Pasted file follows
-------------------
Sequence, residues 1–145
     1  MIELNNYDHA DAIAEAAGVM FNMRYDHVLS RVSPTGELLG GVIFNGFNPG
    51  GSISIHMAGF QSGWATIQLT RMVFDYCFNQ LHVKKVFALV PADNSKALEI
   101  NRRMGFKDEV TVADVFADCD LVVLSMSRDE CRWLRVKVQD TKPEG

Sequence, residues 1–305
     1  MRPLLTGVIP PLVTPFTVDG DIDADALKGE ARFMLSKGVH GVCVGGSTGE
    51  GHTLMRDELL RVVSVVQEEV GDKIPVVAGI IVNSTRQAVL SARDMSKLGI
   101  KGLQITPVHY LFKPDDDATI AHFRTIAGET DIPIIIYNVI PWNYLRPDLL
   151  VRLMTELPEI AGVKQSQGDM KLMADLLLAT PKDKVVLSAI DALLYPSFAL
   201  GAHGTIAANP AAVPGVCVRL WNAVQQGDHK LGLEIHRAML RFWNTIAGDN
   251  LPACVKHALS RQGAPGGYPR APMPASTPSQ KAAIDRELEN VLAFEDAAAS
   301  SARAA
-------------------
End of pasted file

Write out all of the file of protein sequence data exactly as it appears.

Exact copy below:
Sequence, residues 1–145
     1  MIELNNYDHA DAIAEAAGVM FNMRYDHVLS RVSPTGELLG GVIFNGFNPG
    51  GSISIHMAGF QSGWATIQLT RMVFDYCFNQ LHVKKVFALV PADNSKALEI
   101  NRRMGFKDEV TVADVFADCD LVVLSMSRDE CRWLRVKVQD TKPEG

Sequence, residues 1–305
     1  MRPLLTGVIP PLVTPFTVDG DIDADALKGE ARFMLSKGVH GVCVGGSTGE
    51  GHTLMRDELL RVVSVVQEEV GDKIPVVAGI IVNSTRQAVL SARDMSKLGI
   101  KGLQITPVHY LFKPDDDATI AHFRTIAGET DIPIIIYNVI PWNYLRPDLL
   151  VRLMTELPEI AGVKQSQGDM KLMADLLLAT PKDKVVLSAI DALLYPSFAL
   201  GAHGTIAANP AAVPGVCVRL WNAVQQGDHK LGLEIHRAML RFWNTIAGDN
   251  LPACVKHALS RQGAPGGYPR APMPASTPSQ KAAIDRELEN VLAFEDAAAS
   301  SARAA